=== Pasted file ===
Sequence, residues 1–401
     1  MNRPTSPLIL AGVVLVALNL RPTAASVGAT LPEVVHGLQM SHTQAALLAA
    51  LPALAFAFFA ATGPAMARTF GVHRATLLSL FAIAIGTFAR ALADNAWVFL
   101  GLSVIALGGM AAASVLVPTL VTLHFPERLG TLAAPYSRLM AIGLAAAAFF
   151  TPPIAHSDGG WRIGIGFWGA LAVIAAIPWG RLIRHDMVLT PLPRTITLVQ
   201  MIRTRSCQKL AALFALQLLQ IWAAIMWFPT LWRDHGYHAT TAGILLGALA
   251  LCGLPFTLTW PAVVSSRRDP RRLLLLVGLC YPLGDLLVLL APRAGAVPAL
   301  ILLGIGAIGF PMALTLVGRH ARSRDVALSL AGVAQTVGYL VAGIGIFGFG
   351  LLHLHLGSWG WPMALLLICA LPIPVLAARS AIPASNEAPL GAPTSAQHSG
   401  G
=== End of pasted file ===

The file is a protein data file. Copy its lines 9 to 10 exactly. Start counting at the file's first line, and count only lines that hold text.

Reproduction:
   351  LLHLHLGSWG WPMALLLICA LPIPVLAARS AIPASNEAPL GAPTSAQHSG
   401  G